ACP issues recommendations for heath care system reforms

In its policy paper, ACP made eight major recommendations based on comprehensive analyses of eight pluralistic systems and four single-payer systems.

In its policy paper, “Achieving a High-Performance Health Care System with Universal Access: What the United States Can Learn from Other Countries,” ACP made eight major recommendations based on comprehensive analyses of eight pluralistic systems (Australia, Belgium, Denmark, France, Germany, Netherlands, New Zealand and Switzerland) and four single-payer systems (Canada, Japan, Taiwan and the United Kingdom).

The paper makes the following recommendations:

1. The U.S. system should provide universal health insurance coverage. The system should ensure that all residents have equitable access to appropriate health care without unreasonable financial barriers. Health insurance coverage and benefits should be continuous and not dependent on place of residence or employment status. ACP calls on policymakers to adopt either a pluralistic or single-payer system.

A pluralistic system in which government entities as well as not-for-profit and private, for-profit organizations ensure universal access while allowing individuals the freedom to purchase private supplemental coverage. Successful pluralistic financing models provide a legal guarantee that all individuals have access to coverage and sufficient government subsidies to pay for coverage for those who cannot otherwise afford it.

  • Advantages: builds on the current American approach to provision of health services and is probably easier to implement in the shortest timeframe.
  • Disadvantages: results in inequalities in coverage and higher administrative costs, both of which are features of our current system.

A single-payer system in which the government serves as the sole third-party payer of health care costs. The system may be implemented and managed by a public entity or a combination of public and private entities. The financial model for a single-payer system must be flexible and expandable, given the projected growth in the population of the elderly and expected advances in medical science and technology.

  • Advantages: generally more equitable; lower administrative costs; lower per capita health care expenditures; higher levels of patient satisfaction; and higher performance on measures of quality and access than systems using private health insurance.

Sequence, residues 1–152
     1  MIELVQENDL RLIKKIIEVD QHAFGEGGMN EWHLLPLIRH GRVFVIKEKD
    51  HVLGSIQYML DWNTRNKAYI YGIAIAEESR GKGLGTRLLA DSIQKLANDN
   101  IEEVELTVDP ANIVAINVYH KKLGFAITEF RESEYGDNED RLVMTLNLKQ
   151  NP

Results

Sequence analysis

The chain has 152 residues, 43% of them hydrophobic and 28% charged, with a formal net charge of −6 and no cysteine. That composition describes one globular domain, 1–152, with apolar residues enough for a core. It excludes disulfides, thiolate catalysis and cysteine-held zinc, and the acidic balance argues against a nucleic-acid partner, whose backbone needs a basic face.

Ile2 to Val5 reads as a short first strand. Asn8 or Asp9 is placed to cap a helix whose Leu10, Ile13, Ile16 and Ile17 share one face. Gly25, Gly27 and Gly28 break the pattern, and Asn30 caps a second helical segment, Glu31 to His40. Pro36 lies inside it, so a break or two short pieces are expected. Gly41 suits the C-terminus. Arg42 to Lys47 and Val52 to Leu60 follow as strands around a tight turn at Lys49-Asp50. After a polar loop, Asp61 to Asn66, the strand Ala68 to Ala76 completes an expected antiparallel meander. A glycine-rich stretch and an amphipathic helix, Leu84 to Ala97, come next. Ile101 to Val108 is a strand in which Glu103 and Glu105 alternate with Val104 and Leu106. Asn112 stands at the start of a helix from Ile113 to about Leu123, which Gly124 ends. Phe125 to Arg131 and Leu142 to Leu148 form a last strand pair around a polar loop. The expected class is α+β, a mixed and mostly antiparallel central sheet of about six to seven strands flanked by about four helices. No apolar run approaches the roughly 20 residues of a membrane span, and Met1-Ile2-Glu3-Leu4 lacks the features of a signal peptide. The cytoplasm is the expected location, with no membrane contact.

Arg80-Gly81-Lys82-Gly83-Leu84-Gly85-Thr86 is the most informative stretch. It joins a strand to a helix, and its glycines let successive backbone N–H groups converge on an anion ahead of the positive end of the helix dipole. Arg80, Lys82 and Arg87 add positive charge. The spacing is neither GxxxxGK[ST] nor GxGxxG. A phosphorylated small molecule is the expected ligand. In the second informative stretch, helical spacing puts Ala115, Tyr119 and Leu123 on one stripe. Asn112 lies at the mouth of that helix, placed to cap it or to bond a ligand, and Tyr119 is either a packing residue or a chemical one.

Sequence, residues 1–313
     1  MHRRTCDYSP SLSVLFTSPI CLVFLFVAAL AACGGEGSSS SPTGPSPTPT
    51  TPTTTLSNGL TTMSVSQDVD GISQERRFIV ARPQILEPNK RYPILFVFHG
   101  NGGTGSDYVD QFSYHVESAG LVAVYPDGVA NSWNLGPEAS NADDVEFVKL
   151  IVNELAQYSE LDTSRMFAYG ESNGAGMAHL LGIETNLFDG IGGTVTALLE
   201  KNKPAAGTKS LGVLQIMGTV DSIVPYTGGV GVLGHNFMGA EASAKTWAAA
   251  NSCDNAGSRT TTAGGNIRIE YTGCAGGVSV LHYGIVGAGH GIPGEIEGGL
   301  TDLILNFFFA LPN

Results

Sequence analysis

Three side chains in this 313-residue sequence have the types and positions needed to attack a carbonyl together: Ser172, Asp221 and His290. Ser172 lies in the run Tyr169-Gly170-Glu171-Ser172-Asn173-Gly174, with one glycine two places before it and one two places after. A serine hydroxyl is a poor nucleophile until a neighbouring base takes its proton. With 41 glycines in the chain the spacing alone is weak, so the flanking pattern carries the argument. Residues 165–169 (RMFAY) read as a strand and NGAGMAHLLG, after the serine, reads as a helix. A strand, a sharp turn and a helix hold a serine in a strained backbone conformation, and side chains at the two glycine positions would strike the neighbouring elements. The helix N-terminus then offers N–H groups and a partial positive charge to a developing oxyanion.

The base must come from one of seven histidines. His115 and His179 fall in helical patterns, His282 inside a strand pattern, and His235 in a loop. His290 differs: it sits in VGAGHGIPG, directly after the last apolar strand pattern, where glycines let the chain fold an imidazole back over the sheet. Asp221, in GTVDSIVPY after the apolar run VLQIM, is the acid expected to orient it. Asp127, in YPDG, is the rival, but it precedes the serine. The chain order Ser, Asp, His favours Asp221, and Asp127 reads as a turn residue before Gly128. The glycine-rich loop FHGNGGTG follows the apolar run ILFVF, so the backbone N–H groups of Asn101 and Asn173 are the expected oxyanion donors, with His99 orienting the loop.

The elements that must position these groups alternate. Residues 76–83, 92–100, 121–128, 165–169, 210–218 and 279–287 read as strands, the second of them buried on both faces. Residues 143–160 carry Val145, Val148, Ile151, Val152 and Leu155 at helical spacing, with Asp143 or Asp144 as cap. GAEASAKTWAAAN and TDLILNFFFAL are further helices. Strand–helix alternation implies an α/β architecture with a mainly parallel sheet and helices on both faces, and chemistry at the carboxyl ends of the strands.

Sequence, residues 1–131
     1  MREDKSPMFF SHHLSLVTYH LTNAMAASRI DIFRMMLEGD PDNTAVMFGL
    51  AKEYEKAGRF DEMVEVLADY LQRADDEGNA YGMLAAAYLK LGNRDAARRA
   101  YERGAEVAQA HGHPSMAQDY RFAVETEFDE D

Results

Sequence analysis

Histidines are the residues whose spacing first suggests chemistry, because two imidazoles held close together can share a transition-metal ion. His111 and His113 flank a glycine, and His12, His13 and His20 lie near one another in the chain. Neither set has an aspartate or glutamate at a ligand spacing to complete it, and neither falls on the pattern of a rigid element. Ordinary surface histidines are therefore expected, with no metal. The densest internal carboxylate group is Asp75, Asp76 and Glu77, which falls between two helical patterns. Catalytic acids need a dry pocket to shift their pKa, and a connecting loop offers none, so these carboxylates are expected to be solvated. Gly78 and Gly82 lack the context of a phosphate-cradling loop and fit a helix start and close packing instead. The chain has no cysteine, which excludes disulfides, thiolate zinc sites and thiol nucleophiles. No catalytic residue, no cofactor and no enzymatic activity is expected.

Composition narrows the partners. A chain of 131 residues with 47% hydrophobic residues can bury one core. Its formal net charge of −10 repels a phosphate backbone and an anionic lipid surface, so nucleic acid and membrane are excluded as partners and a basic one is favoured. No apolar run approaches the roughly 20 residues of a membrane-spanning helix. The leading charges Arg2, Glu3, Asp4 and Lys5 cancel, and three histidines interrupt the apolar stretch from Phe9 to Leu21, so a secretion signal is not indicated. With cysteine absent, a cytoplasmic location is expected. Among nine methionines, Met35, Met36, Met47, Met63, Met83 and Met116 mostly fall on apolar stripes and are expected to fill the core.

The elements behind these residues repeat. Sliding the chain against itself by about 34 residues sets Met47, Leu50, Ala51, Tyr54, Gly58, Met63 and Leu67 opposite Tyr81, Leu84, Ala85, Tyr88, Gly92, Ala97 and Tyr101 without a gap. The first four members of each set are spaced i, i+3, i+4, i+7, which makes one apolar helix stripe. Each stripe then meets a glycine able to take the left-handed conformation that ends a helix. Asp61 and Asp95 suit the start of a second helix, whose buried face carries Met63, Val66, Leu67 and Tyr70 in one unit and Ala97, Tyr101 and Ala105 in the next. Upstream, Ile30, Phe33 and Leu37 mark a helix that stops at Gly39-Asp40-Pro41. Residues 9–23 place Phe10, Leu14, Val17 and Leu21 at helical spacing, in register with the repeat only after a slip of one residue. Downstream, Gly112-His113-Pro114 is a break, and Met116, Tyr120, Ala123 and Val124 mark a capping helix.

• Disadvantages: potential shortages of services; delays in obtaining elective procedures; and the possibility of price controls.

2. The system should create incentives to encourage patients to be prudent purchasers by having access to health information necessary for informed decision-making.

3. The system should avert a collapse of primary care by developing a national workforce policy that ensures an adequate supply of physicians trained to manage care for the whole patient.

4. The system should redirect federal health-care policy toward supporting the patient-centered medical home, an innovative practice system designed to strengthen the physician-patient relationship.

5. The system should provide financial incentives for physicians for care coordination, disease prevention, and achievement of evidence-based performance standards.

6. The system should reduce the costs of health care administration by creating a uniform billing system for all services.

7. The system should support with federal funds an interoperable health information technology infrastructure.

8. The system should encourage public and private investment in medical research and assessments of the comparative effectiveness of different medical treatments.

The report makes it clear that ensuring that everyone has health insurance isn't enough. High-performing health systems in other countries have explicit workforce and payment policies to provide access to continuous, comprehensive and coordinated medical care by primary care physicians, based on evidence that the availability of primary care is positively associated with better outcomes at lower costs.

High-performing health-care systems make a greater public investment in basic and health services research, including research on the effectiveness of different types of treatments. They provide patients with access to information to help them make informed choices. They invest in interoperable health information technologies to improve care and have uniform billing systems to simplify administrative transactions.

I hope that you will find ACP's recommendations to be:

  • responsible because they are consistent with ACP's long-standing mission of advocacy for responsible positions on individual health, and on public policy issues for the benefit of internal medicine physicians and our patients.
  • thoughtful because our recommendations are based on the highest standards of evidence.
  • provocative because our intention is to provoke a national discussion, during this critical election year, on how to make the U.S. the best performing health care system in the world.